Somebody in AA called me a dry drunk. I have a BIG problem with this label, so I want to raise awareness of its absurdity and potential for damage.
Growing up in 12-step clubs, I heard the term “dry drunk” all my life. My dad got sober in 1970, with the help of AA, and chose to stick with that path of recovery all the way through 2003 when he died. It worked for him (that, and a lot of other spiritual and intellectual exploration he did on the side, but yeah).
But when I got sober in 2010, I only went to AA for a month before knowing that was not going to be my path. And I have seen many 12-step folks in online communities who disapprove of that, who shake their heads, call me a “dry drunk,” and say I will never truly change without the help of “the program.”
Bullshit. There are a myriad of ways to get sober, and once sober, a myriad of ways to stay that way. Want to know my three-step plan for recovery?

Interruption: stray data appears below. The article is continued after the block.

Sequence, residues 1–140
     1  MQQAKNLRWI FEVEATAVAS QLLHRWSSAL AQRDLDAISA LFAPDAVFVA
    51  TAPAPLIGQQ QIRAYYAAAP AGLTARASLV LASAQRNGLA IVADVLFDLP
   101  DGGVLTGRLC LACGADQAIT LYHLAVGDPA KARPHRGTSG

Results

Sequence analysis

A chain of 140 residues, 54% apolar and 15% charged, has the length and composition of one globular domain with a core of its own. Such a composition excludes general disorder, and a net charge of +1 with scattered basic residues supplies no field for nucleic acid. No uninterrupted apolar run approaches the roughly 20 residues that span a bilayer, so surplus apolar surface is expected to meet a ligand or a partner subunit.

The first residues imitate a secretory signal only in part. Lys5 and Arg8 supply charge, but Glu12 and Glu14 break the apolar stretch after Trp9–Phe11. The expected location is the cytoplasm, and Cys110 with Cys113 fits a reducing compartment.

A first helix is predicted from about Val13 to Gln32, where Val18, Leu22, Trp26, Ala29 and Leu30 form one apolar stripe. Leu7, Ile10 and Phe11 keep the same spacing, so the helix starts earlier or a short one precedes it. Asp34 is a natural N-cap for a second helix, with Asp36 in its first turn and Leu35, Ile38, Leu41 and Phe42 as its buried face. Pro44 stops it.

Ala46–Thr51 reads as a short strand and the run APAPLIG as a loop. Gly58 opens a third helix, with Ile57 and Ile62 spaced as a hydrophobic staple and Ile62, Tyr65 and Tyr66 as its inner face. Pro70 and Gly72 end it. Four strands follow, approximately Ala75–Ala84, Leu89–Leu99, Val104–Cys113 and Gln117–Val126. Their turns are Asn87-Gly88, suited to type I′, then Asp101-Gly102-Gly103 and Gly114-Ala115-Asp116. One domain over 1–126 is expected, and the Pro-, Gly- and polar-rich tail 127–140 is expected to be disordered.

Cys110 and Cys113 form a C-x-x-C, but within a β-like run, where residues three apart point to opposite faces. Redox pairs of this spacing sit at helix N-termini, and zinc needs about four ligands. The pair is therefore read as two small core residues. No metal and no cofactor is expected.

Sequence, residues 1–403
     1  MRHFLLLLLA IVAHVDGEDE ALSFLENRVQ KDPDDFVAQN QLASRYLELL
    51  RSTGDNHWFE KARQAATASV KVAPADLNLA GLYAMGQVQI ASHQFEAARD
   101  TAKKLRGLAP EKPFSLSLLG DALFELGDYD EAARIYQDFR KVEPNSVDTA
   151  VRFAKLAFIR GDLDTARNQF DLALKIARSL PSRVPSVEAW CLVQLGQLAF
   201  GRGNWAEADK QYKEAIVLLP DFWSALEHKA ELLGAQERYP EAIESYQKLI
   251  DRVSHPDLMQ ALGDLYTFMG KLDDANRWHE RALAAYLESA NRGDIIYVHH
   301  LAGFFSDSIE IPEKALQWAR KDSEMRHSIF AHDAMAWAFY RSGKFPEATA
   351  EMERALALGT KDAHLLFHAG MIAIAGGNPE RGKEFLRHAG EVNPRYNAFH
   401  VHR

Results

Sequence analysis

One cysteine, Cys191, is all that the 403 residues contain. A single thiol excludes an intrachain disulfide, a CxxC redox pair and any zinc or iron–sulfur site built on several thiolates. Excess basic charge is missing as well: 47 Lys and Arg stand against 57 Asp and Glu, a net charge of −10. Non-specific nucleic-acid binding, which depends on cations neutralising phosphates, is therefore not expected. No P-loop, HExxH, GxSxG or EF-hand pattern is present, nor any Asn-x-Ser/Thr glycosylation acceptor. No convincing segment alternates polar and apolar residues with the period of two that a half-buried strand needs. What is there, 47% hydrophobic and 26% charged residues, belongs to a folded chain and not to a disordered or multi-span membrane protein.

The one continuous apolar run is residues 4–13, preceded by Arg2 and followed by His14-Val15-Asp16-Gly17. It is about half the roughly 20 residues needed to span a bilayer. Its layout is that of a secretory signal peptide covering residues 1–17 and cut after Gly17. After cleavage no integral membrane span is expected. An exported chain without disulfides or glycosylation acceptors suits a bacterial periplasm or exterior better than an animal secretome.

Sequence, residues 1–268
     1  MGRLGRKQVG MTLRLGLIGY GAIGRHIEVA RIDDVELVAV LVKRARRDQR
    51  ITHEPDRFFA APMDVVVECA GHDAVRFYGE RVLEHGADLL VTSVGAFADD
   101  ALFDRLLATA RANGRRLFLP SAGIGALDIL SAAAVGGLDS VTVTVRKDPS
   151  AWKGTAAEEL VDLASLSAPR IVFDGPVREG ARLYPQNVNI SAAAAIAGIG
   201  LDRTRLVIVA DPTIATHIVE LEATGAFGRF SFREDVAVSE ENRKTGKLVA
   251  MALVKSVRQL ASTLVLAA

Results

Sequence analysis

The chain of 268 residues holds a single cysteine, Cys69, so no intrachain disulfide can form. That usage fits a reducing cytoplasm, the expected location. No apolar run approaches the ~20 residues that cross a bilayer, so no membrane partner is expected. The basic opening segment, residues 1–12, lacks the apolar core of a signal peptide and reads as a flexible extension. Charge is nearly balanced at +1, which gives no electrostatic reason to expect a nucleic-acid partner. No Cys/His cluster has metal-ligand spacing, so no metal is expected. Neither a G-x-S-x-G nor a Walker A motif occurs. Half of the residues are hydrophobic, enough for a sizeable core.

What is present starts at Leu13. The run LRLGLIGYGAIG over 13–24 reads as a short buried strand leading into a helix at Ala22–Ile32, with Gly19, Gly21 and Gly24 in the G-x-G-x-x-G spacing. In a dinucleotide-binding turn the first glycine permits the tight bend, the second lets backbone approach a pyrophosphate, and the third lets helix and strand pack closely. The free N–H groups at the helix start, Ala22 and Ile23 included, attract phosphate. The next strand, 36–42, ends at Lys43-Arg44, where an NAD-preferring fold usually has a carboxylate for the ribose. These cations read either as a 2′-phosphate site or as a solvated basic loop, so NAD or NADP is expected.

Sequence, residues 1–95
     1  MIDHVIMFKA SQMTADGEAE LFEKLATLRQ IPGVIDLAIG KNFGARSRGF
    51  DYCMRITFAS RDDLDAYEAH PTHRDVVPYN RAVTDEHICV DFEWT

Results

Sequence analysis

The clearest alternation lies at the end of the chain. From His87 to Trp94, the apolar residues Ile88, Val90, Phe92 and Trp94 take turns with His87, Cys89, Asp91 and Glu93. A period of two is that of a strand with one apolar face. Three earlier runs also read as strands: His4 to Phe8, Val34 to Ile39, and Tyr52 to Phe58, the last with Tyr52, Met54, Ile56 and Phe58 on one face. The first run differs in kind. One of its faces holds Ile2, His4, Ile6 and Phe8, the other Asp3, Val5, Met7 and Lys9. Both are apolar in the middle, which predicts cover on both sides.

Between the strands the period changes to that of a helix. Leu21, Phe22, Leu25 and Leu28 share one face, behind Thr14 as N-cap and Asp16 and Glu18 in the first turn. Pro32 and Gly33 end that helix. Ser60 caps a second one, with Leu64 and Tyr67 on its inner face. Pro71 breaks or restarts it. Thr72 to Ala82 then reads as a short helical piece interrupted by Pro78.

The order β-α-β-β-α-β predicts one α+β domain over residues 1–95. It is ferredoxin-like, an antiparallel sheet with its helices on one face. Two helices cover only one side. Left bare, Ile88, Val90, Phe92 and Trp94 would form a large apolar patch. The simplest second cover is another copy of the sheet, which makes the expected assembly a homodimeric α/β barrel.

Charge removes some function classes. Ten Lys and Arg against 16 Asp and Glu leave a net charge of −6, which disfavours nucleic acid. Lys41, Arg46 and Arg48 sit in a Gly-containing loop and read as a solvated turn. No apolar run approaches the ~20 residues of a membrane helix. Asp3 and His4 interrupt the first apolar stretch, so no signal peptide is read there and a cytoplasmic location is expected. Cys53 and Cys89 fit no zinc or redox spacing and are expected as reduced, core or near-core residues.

- Stop consuming alcohol – on your own or in a detox facility, however you have to do it. Depending on how much you were ingesting on a daily basis, it can take up to a month to feel like your body is functioning normally and your brain chemistry is back in (relative) balance. It took me a month and it was the weirdest, worst month ever. Then it got better. Hang in there.
- Find methods by which to improve your mental, emotional, and spiritual state so that you can try to better yourself, change your thinking and behavioral patterns, and restructure and reschedule your life to remain sober long-term. This could mean any or all of the following: good friends to talk to, supportive and loving partner, spiritual reading, online communities, meditation, prayer, fitness, volunteering, reading, writing, new hobbies, etc.
- Don’t let anyone tell you you have to do anything to be sober the “right” way. There is no right way. There is only what works for you to stay healthy and happy. The end.
Thank you to Sober Wayfarer for the link!